St. Helena Elementary SchoolSo it was with great honor that I strolled into the St. Helena Elementary School auditorium, with rows of 1940’s wooden seats low to the ground and an elevated stage with massive velvet curtains, to take my place as a Judge for the St. Helena Junior Women’s Club 39th Annual Vintage Spelling Bee. In the audience were friends from all walks of life, their children or grandchildren seated nervously on the stage. Sitting next to me on the judging panel was the St. Helena High School Librarian and a local dentist (who also moonlights as the High School baseball coach), while the St. Helena Women’s’ Club President (and our winery’s Wine Compliance officer) led the proceedings and introduced the announcer, the Children’s Librarian, (a good friend and neighbor who knew each child in the auditorium from birth) from the St. Helena Public Library – just chosen as one of the top small libraries in the nation!

The students were cautioned to look directly at the announcer (who was behind the podium off to the side) and not out into the audience filled with moms and dads and baby brothers and sisters, and the judges were warned not to mouth the spelling of the word along with the student or cringe or shake our heads and give away the answers (which we had graciously been given on a 5 page hand-out, in large type!) like the local veterinarian had done in a past Spelling Bee!

Fourteen 5th grade students sat nervously on stage, some in that day’s school clothes others dressed in their Sunday best, moving to the empty chairs at the back of the stage one by one as they miss-spelled a word – some out of nervousness, others because of the difficulty of the word. “Pierce” and “Stubble” got a couple, then “Prairie” got a few more, but “Lobbyist” caused them to drop like flies, even though one creative finalist searched deep into her Latin language skills and spelled it “Lawbiouyest”.

The finalist was awarded his plaque, which was immediately taken away so that they could engrave his name on the front with the 38 other winners, and we all agreed that as judges we were lucky not to have had to challenge any spelling errors or be the cause of any more nervousness or tears. A good night had been had by all, and our small town had once more come together for a successful evening of supporting our children. I was proud to have been a part of this moment in our community’s life . . . and thankful that we never got to the last page and “Mayonnaise”, which I know I would have missed! (two n’s – really?)

Where is Winter in the Napa Valley?

Last weekend, we participated in another family-style wine pairing and cooking class at one of our favorite restaurants, Rosso, in Santa Rosa. The theme was appropriate to the winter season; “Soups, Stocks and Stews”, imagining us all coming out on a wet and chilly Saturday morning into the kitchen to eat hearty winter fare. The home-made chicken noodle soup, warm beet soup and veal stock beef stew hit the mark with the selection of local Pinot Noir and Burgundies offered, and we all headed home ready to recreate the basics and warm our innards throughout the rest of the winter.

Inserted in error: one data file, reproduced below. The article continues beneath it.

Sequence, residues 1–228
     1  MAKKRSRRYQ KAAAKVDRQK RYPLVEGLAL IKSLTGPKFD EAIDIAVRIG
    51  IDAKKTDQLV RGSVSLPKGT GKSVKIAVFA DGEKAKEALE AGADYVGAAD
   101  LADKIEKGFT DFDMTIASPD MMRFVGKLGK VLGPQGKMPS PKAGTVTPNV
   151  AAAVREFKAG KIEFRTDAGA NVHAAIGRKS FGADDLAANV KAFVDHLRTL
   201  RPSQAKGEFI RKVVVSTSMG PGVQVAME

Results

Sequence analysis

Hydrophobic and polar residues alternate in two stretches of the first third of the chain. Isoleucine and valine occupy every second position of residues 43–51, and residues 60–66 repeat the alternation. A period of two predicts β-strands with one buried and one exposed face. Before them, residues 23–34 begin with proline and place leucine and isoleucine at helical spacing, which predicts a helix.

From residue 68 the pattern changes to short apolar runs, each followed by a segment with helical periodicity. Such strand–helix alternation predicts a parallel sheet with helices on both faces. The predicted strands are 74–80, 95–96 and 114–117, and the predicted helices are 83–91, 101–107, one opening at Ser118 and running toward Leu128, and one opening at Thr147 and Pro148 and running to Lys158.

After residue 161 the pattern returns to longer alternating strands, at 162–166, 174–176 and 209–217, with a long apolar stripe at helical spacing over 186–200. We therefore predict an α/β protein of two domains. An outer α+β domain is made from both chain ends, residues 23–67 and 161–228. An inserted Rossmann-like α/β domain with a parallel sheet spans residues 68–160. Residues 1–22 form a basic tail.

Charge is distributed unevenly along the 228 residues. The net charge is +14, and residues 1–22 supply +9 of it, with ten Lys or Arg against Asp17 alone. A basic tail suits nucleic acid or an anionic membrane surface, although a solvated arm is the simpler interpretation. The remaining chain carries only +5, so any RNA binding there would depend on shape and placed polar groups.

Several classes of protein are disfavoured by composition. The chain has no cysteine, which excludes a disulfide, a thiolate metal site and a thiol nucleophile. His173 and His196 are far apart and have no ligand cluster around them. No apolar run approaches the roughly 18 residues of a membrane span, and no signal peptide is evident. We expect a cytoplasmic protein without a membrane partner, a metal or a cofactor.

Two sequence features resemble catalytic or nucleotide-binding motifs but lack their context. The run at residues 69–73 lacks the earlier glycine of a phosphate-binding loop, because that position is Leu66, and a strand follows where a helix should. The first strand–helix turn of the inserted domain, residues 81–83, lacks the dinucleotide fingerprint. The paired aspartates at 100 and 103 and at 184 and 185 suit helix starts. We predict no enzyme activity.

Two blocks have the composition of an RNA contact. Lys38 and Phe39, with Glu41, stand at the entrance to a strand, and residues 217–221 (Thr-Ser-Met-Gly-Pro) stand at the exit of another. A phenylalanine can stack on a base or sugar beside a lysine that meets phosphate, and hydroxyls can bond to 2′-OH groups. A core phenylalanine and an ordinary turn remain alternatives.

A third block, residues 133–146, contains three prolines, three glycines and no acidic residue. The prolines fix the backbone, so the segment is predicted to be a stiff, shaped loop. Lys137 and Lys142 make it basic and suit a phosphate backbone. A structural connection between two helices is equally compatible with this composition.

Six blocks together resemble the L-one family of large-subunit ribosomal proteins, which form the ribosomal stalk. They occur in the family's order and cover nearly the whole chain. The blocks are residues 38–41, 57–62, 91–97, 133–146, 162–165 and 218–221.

The only problem is that we haven’t had a winter! Sure, we have had below freezing cold spells, forcing us to cover our citrus and other delicate landscaping, temperatures in the teens and twenties which dropped all the leaves from the vines and convinced them to go dormant, but we have yet to receive over ½” of rain since October. The Napa Valley normal annual rainfall is somewhere around 36-40” (usually only occurring October through May), but last year we received only 5 inches making it the driest vintage on record. We appreciated the lack of rain last fall during harvest, allowing the 2013 vintage to ripen perfectly without the normal threat of showers and cool weather, but this has gone on far too long.

winter stream 2010The brittle, brown leaves from the vines and deciduous trees still line the roads and stream beds, waiting to be swept away by winter rains. (note the difference between the photos of our little stream bed last year and this!) Where there should be a stark clash of lush green clovers and yellow mustard between the vine rows against the dry, skeletal outline of the dormant vines, there is nothing but parched, gray soil . The cover crop seed, which was planted between the vine rows last fall to hold the soil during winter rains and rejuvenate the soil next spring, has sprouted and died off due to lack of rain. Irrigation ponds are all but dry, bringing fear to vineyard mangers who rely on full ponds for their irrigation during frost season in the spring, to protect the newly budding vines.

winter 2014We have even had warnings from the Forestry Department who put the Napa Valley on a high-fire alert – in January! Wells are drying up, unable to replenish their water supply without winter rains. The Sierra snow pack is less than 12% of normal; bring fears for municipal water supplies throughout the state that count on snow melt for their water needs each year. Lawns and landscaping are brown, as water rationing starts to go into effect.

No one is complaining about the high pressure system over the west coast, bringing us chilly mornings and lovely warm days into the high 60’s and low 70’s, especially in the wake of those negative temperatures and blizzards across the mid-west and east coast! We are able to BBQ and entertain out of doors and go about our days in shirt sleeves or a light jacket, as though it was almost spring. We dust off our shoes after walking the vineyards, instead of leaving our muddy boots out on the back porch. Even the chickens have started laying again, giving us half a dozen eggs a day.

But what we really need is rain, for all the farmers who depend on Mother Nature’s generosity to stock up this precious resource for the 2014 vintage and growing season. So, if anyone knows the steps to a traditional Rain Dance, please send them our way!